Not sure which historical figures are alive or dead? This website can help.
Read unedited transcribed interviews with distinguished men and women from all over the world at this site.
Explore the biographies of The Hall's inductees, learn about the history of the women's movement, tour a photo gallery, and nominate choices for future inductees.
This site features a list of those individuals who most influenced the last 100 years. They are broken down into five fields of endeavor: Leaders & Revolutionaries, Artists & Entertainers, Builders & Titans, Scientists & Thinkers, and Heroes & Icons.
Explore history through the eyes of those who lived it at this site that illuminates the past through personal narratives and other first-hand sources.
Ever wondered what historical events happened or what historical figures were born on your birthdate? You can find out here.
Find documents to support the study of world history from a working-class and non-Eurocentric perspective.
Teaching with Historic Places (TwHP) uses properties listed in the National Park Service's National Register of Historic Places to enliven history, social studies, geography, civics, and other subjects. TwHP has created a variety of products and activities that help teachers bring historic places into the classroom.
The purpose of the project was to provide teachers with creative, innovative lessons on a wide variety of Utah history topics and issues. The lessons range from process-centered instruction to community based learning: from Utah's rich historical past to our present statehood centennial celebration.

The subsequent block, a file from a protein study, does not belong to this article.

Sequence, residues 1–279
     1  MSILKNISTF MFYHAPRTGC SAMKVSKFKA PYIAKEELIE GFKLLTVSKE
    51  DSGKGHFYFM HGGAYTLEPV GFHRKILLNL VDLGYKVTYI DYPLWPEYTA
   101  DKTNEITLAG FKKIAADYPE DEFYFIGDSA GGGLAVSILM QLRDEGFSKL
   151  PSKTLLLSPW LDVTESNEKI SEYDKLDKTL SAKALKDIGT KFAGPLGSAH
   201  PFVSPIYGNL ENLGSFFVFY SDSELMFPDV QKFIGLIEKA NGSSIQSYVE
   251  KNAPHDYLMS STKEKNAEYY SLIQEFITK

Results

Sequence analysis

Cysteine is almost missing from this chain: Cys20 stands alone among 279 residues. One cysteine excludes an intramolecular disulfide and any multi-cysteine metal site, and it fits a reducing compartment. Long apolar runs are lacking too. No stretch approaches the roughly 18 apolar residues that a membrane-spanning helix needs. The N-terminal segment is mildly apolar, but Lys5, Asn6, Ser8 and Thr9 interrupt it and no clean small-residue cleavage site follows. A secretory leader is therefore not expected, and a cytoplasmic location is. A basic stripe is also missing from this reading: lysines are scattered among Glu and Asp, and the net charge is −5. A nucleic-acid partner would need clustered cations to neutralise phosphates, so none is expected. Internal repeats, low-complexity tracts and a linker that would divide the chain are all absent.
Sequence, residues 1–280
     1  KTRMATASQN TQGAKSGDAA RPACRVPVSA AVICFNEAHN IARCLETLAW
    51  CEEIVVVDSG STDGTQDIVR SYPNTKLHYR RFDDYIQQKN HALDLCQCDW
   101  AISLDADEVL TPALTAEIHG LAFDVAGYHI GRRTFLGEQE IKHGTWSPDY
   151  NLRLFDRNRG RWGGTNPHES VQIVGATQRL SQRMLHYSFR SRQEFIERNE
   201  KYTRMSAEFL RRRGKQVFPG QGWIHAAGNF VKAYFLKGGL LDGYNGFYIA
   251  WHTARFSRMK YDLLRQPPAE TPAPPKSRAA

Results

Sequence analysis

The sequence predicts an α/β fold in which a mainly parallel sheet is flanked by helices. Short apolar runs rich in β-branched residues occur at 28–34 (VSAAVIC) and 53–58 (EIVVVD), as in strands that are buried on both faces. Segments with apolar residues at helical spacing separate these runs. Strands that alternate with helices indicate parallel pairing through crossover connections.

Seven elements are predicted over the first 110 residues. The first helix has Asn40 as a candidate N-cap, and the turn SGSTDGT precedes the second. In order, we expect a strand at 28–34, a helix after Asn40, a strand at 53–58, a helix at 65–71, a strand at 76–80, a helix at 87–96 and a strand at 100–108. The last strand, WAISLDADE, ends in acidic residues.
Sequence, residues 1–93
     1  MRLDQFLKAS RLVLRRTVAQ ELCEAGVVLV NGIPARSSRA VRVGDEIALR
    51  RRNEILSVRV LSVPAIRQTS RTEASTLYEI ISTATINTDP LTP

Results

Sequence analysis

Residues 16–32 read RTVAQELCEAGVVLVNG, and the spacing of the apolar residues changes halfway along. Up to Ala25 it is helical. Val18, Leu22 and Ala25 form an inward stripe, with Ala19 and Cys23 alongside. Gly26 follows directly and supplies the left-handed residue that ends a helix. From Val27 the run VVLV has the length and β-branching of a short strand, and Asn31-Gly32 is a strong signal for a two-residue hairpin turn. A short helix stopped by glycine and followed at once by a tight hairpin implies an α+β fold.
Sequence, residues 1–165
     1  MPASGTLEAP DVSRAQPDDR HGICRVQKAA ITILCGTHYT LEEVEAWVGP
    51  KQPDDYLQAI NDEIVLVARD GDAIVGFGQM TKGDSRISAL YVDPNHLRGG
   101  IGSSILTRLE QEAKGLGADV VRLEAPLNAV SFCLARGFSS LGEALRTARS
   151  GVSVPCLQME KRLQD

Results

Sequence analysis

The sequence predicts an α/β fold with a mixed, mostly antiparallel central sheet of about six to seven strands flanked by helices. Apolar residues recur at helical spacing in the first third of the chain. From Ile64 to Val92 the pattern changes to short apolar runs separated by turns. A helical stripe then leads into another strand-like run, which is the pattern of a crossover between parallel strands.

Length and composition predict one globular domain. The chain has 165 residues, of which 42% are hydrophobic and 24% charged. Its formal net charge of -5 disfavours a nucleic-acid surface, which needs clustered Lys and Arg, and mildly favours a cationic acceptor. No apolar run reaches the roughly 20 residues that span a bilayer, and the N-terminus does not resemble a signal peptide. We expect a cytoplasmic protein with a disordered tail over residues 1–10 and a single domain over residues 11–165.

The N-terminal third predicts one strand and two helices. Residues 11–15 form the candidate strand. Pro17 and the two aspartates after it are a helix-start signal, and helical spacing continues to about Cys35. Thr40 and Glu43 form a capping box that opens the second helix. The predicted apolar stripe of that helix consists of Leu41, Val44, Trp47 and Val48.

Utah has had many different peoples who have called it home. This unit of study covers Utah's peoples up to the time that the transcontinental railroad connected the 2 coasts of the United States in 1869.
- Beckner, Chrisanne. 100 Great Cities of World History. Bluewood Books, 1995.
- DeJauregui, Ruth. 100 Medical Milestones That Shaped World History. Bluewood Books, 1998.
- Hakim, Joy. History of Us. Oxford University Press Children's Books, 1999.
- Jackson, Ellen B. Turn of the Century. Charlesbridge Publishing, 1998.
- The Kingfisher History Encyclopedia. Larousse Kingfisher Chambers, 1999.
- McGovern, Ann and Anna Divito. If You Lived 100 Years Ago. Scholastic, 1999.
- Prescott, Jerome. 100 Explorers Who Shaped World History. Bluewood Books, 1996.
- Roehm, Michelle and Jerry McCann. Girls Who Rocked the World 2: From Harriet Tubman to Mia Hamm. Beyond Words Publishing Company, 2000.
- Tyler, Jenny and Robyn Gee, Anne Millard. The Usborne Book of World History. E D C Publications, 1986.
- Van Loon, Hendrik Willem and John Merriman. The Story of Mankind. W.W. Norton & Company, 1999.
- Welden, Amelie and Jerry McCann. Girls Who Rocked the World: Heroines from Sacagawea to Sheryl Swoopes. Beyond Words Publishing Company, 1998.
- Yenne, Bill and Christine N. Perkins, Tony Chikes. 100 Authors Who Shaped World HistoryBluewood Books, 1996.
- Yenne, Bill. 100 Events That Shaped World History. Bluewood Books, 1993.
- Yenne, Bill and Dr. Morton Grosser. 100 Inventions That Shaped World History. Bluewood Books, 1993.
- Yenne, Bill. 100 Men Who Shaped World History. Bluewood Books, 1994.
- Zeman, Anne and Kate Kelly, Cecil Moffitt. Everything You Need to Know About World History Homework: A Desk Reference for Students and Parents/4th to 6th Grades. Scholastic, 1995.